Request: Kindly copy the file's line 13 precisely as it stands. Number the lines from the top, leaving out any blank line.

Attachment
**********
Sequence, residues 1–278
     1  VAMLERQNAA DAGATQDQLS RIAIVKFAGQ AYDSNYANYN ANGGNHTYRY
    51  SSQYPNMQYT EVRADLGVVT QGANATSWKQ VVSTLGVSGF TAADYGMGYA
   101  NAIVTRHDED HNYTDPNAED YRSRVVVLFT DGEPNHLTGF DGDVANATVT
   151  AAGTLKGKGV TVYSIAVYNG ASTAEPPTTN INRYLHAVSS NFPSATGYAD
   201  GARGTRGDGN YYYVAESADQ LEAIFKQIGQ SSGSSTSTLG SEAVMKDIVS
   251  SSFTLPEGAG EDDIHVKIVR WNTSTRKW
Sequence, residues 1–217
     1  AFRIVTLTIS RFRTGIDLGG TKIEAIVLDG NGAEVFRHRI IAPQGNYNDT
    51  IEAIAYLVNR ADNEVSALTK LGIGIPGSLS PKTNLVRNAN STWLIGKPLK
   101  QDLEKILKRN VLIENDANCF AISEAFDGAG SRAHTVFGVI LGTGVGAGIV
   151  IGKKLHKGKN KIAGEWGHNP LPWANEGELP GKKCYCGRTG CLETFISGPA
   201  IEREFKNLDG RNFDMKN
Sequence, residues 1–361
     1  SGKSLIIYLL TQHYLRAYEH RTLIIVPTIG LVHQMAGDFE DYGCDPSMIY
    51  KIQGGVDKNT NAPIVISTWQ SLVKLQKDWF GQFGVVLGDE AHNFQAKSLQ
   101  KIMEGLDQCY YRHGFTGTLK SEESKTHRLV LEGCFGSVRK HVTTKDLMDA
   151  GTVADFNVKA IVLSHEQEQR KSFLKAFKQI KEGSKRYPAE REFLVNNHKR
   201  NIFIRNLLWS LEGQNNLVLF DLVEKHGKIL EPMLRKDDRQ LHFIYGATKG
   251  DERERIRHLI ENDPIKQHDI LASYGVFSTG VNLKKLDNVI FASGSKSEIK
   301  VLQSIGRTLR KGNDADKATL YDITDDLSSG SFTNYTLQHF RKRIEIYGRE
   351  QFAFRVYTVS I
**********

   201  IEREFKNLDG RNFDMKN